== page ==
Star-Struck in Dallas, Just Not By the Right Kind of Stars

Stars on the ceiling of Mi Tierra Cafe in San Antonio
Stars on the ceiling of Mi Tierra Cafe in San Antonio

I keep seeing stars. They’re everywhere in Dallas — on flags, ceilings, floors, doorknobs and door hinges.

But good luck finding one in the sky.

Now, I’m sure Dallas does have stars, but I didn’t see any tonight. While sitting on the stairs outside the house I’m staying in, I looked up and saw a black canvas painted across a starless city sky. I wanted to see a sky of glow-in-the-dark treasures, wanted to look up and gaze at them from my stoop. But blackness alone stared back at me.

Amidst all the glitz and glamour of cities, where movie stars come out to play, the most beautiful stars of all seep into secrecy. The city lights disguise them, and all you’re left with are the lights from an airplane, a skyscraper or a blinding billboard.

I suppose the lone, imitation stars I see in Dallas will have to do for now. In the meantime, I’ll keep gazing and hoping for a real star.

Published by Mallary Tenore Tarpley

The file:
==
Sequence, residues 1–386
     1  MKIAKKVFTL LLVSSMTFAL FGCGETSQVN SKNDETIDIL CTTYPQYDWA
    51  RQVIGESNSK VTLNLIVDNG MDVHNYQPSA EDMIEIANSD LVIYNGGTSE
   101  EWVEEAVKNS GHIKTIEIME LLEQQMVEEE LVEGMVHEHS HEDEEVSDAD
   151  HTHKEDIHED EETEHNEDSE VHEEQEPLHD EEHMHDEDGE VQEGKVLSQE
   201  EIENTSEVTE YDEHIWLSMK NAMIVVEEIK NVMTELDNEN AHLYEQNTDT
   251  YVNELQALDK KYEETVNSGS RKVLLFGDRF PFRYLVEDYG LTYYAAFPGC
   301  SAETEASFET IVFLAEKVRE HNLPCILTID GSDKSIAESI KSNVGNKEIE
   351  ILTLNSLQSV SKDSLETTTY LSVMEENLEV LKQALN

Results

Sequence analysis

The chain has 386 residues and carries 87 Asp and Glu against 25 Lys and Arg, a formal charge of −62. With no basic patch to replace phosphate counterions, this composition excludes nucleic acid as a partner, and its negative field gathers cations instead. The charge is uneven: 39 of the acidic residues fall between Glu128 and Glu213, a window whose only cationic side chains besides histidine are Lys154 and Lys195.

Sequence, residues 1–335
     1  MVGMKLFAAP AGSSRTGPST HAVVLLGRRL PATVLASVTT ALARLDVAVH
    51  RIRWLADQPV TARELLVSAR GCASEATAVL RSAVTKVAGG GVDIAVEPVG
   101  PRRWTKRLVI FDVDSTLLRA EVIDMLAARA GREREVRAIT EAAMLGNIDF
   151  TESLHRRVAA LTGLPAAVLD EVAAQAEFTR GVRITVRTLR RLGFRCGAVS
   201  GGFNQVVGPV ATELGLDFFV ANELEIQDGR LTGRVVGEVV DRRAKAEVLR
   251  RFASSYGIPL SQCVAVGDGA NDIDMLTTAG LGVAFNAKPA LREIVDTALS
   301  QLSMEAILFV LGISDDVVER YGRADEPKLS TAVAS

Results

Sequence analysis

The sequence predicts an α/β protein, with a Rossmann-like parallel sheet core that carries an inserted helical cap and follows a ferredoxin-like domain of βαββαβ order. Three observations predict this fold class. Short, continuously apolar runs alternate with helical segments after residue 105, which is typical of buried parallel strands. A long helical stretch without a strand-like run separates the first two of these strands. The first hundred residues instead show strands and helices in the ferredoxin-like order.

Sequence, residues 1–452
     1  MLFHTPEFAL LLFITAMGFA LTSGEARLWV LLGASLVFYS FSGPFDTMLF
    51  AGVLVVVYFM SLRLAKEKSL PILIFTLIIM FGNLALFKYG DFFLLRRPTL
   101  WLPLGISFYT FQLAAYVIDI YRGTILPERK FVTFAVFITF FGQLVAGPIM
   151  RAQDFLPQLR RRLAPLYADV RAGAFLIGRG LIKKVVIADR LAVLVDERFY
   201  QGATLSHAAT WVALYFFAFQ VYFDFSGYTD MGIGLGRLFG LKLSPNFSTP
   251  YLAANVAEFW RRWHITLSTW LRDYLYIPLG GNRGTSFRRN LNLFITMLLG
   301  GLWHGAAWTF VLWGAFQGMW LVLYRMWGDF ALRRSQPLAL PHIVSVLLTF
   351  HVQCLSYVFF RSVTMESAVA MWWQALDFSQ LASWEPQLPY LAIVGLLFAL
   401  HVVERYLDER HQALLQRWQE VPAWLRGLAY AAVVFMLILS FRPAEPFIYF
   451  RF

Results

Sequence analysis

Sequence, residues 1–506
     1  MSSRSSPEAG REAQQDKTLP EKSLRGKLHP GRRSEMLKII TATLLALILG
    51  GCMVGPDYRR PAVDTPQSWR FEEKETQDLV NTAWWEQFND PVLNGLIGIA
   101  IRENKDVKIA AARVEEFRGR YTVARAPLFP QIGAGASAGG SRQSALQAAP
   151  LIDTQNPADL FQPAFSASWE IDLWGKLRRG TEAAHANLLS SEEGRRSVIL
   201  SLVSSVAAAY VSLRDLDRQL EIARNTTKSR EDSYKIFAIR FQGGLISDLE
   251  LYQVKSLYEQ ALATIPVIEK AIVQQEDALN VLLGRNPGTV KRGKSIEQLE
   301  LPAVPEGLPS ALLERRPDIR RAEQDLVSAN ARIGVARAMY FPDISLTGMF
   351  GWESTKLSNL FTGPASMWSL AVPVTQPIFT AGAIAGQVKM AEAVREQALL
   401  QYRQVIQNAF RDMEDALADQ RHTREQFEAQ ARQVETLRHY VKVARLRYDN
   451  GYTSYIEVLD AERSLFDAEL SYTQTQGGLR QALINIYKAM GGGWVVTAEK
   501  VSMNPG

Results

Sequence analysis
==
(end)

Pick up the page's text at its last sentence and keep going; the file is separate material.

Mallary is a mom of two young kiddos -- Madelyn and Tucker. Mallary absolutely loves being a mom and often writes about the need to find harmony when juggling motherhood and work. Mallary is the Assistant Director of the Knight Center for Journalism in the Americas at the University of Texas at Austin, where she manages the Center's various programs related to distance learning, freedom of expression, and digital journalism. Previously, she was Executive Director of Images & Voices of Hope and Managing Editor of The Poynter Institute’s media news site, Mallary grew up outside of Boston and graduated from Providence College in Rhode Island. In 2015, she received a certificate in nonprofit management from Duke University. She now lives in beautiful Austin, Texas, with her kids, husband Troy and cat Clara. She's working on a memoir, slowly but surely. You can reach her at

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